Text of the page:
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Byte Club, October 18 2017. Using MultiQC to produce consolidated QC Reports. Anna Battenhouse, CSSB & CCBB.

Overview

  • MultiQC is a tool for aggregating NGS QC reports.
    • It does not produce reports, just combines them for unified visualization.
  • MultiQC "knows" the report formats of many existing NGS tools: 
    • FastQC, cutadapt, bowtie2, tophat, STAR, kallisto, HISAT2, samtools, featureCounts, HTSeq, MACS2, Picard, GATK
    • … and more!
  • MultiQC can also be configured to display other data via two straightforward steps:
  1. format the data appropriately (e.g. tab-delimited text files)
  2. create appropriate custom data entries in a multiqc_config.yaml configuration file
  • MultiQC produces neat, interactive plots in an HTML file.
    • So it can be used as a basic plotting tool for many kinds of reports and data, not just those produced by NGS tools!

Code Workshop

ATAC-seq is a transposon-insertion sequencing method where an engineered, activate transposon inserts in accessible ("open") chromatin. It is considered to be a much simpler protocol to standard DNase-seq, and requires less starting material as well.

For data, we will use some ATAC-seq datasets produced in Igor Ponomarev's lab in WCAAR. As a proof-of-concept for future work, they performed the ATAC-seq protocol on 5k and 50k cell nuclei from mouse brain, producing 2 paired-end datasets.

Setup to follow along

Login to ls5 at TACC. Execute these commands to set up access to the multiqc binary:

module load python
export PATH="/work/projects/BioITeam/ls5/bin/multiqc-1.0:$PATH"
export PYTHONPATH="/work/projects/BioITeam/ls5/lib/python2.7/annab-packages:$PYTHONPATH"
 
# make sure it is working...
multiqc --help

Produce a consolidated FastQC report

The FastQC took is great for producing detailed reports for every individual fastq file. For example, for Igor's 2 PE datasets, 4 reports are produced from running fastqc (http://web.corral.tacc.utexas.edu/iyer/igor/fastqc/).

The shortcoming is that you have to browse through all the individual reports one at a time, which can be tedious for large experiments.

This is where MultiQC's power comes in. You can point MultiQC to a directory where FastQC has been run and it will magically produce a consolidated report.

For example, logged in to ls5 at TACC, first stage a directory where FastQC has been run:

mkdir -p $SCRATCH/byteclub/multiqc/01_fastq
cd $SCRATCH/byteclub/multiqc/01_fastq
ln -s -f /work/01063/abattenh/projects/byteclub/multiqc/fastqc
ln -s -f $SCRATCH ~/scratch

Now this is all it takes to produce a basic MultiQC report:

cd $SCRATCH/byteclub/multiqc/01_fastq
multiqc .

When this completes you'll see a new file and directory:

  • multiqc_report.html – the MultiQC HTML report with its default name
  • multiqc_data – directory with text files containing  MultiQC data used in the report as well as a log file

Here's what this basic FastQC report looks like: http://web.corral.tacc.utexas.edu/iyer/byteclub/multiqc/01_basic.multiqc_report.html

 Tip

To view the file you created in a web browser, it must be copied somwhere where a browser can open it. An easy way to do this is to copy it to your laptop like this, for example, changing the user name from abattenh and scratch path as appropriate.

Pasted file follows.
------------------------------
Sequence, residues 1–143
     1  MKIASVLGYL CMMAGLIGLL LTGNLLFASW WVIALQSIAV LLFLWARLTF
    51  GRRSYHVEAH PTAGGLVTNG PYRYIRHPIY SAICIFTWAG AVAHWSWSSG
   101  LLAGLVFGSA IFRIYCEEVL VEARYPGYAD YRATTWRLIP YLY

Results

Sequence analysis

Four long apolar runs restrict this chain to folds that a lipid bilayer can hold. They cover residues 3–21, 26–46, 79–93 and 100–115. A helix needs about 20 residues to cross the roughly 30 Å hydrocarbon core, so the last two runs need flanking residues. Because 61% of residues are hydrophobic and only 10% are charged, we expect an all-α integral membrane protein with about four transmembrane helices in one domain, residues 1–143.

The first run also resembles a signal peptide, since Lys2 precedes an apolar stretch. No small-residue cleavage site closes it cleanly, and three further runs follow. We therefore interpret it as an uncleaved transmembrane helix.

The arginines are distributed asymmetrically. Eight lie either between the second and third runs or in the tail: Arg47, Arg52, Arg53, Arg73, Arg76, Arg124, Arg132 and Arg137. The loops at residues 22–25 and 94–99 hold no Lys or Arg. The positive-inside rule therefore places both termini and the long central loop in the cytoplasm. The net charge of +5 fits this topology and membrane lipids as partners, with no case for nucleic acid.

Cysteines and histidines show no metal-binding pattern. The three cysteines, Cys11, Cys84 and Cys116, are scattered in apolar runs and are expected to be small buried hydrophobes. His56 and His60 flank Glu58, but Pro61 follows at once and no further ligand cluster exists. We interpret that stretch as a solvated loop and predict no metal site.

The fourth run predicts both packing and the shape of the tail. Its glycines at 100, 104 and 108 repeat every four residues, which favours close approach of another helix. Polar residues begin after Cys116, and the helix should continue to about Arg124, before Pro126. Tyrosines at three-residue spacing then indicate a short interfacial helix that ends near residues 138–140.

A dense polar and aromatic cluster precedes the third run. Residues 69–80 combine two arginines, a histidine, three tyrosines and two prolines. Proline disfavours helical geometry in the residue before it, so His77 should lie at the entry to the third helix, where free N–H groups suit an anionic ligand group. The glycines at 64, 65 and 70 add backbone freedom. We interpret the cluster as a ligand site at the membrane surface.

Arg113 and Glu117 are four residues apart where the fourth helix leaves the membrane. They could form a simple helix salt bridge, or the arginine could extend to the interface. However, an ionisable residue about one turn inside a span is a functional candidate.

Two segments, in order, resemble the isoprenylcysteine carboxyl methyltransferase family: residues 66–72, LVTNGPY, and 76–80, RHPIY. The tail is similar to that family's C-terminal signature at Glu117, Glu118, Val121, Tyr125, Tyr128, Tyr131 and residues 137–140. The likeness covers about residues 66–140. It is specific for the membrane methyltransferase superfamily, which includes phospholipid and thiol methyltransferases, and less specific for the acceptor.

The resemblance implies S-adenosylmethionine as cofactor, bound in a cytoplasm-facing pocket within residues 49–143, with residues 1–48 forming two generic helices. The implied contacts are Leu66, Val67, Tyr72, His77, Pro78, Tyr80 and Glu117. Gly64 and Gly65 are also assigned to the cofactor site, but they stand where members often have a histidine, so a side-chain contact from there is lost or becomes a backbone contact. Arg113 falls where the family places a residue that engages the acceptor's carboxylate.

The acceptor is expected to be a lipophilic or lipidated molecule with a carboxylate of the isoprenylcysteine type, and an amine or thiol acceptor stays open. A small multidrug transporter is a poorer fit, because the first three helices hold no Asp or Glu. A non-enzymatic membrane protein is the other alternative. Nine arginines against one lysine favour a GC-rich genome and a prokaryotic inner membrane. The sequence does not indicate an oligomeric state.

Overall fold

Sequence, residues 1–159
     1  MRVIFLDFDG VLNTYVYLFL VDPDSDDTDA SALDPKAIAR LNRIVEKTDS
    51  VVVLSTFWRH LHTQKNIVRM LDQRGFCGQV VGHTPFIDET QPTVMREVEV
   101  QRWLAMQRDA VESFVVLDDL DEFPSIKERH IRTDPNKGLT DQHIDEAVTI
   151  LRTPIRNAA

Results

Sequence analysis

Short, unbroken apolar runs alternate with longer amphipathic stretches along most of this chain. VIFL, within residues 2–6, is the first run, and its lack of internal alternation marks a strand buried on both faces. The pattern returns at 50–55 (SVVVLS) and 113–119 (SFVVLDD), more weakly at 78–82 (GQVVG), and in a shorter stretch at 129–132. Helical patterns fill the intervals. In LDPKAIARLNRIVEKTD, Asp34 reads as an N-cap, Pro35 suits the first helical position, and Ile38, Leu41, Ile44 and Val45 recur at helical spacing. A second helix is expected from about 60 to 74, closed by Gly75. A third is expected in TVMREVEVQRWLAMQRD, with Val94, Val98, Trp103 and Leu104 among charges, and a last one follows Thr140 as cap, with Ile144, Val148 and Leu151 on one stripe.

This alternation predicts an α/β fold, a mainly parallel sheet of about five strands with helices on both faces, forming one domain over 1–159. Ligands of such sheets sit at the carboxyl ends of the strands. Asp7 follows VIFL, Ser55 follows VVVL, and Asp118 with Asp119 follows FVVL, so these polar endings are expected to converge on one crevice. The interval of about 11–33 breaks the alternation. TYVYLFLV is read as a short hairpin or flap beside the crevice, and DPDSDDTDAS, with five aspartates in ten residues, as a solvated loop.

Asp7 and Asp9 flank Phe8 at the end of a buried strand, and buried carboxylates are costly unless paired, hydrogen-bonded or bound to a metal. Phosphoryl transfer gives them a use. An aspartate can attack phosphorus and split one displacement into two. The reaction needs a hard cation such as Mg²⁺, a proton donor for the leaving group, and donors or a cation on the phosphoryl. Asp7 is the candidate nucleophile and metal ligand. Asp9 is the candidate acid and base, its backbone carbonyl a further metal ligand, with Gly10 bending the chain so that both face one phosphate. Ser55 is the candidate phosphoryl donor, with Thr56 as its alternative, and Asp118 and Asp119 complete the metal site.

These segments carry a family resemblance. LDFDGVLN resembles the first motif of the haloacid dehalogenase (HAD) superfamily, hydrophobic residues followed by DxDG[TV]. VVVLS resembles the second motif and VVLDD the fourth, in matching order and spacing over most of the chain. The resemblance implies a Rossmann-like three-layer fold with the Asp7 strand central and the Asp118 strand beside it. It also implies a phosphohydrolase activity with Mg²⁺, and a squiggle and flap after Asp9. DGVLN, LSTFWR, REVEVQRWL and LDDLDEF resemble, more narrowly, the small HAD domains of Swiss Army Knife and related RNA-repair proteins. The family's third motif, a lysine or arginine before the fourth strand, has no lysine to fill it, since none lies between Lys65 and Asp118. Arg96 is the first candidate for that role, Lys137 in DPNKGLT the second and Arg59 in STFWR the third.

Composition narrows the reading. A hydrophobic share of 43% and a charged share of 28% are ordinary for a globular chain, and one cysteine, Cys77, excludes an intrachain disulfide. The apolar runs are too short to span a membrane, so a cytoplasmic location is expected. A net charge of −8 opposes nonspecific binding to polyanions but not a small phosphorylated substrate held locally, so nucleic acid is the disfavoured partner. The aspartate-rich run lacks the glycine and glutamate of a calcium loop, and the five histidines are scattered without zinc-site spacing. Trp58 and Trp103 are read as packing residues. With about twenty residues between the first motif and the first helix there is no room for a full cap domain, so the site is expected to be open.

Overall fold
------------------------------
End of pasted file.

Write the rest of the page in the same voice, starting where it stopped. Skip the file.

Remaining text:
# from your laptop:
scp -p abattenh@ls5.tacc.utexas.edu:/scratch/01063/abattenh/byteclub/multiqc/01_fastq/multiqc_report.html .

 

 

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code

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References

MultiQC configuration files

MultiQC custom data support

Example Reports from Anna

Below are descriptions of two projects I've assisted with lately using MultiQC to help pull together visualizations assessing experiment quality.

I recommend using Chrome to view MultiQC reports.

The HTML reports generated by MultQC rely heavily on JavaScript and other dynamic web content scripting tools, and not all browsers support them equally well.

  • These example MultiQC reports below were generated by running the multiqc binary on a command line.
  • After inspecting them locally (by just opening them as files in a web browser), they were copied to a web-accessible location to share with others. Here, that location is Iyer Lab's web-accessible directory on corral 

Igor Ponomarev ATAC-seq data

ATAC-seq is a transposon-insertion sequencing method where an engineered, activate transposon inserts in accessible ("open") chromatin. It is considered to be a much simpler protocol to standard DNase-seq, and requires less starting material as well.

Igor Ponomarev's lab (in WCAAR) performed the ATAC-seq protocol on 5k and 50k cell nuclei from mouse brain, producing 2 paired-end datasets.

Marcotte lab amplicon sequencing

The Marcotte lab is working on a deep mutational screening project of a human gene transformed into yeast as an amplicon on a plasmid. Here, the gene is MVK, a gene in the yeast cholesterol biosynthesis pathway. The hsMVK gene is amplified with an error-prone polymerase to produce point mutations. Both the native yeast gene and the human ortholog (with which it shares no sequence similarity) are under on/off promoter control. The idea is to compare the mutations that accumulate in the active hsMVK gene, after many growth cycles, with a background in which the hsMVK gene is present but not active (the yeast MVKis doing the work) to see which mutations are favored or disfavored. As part of this project, Riddhiman Garge produced 19 datasets.

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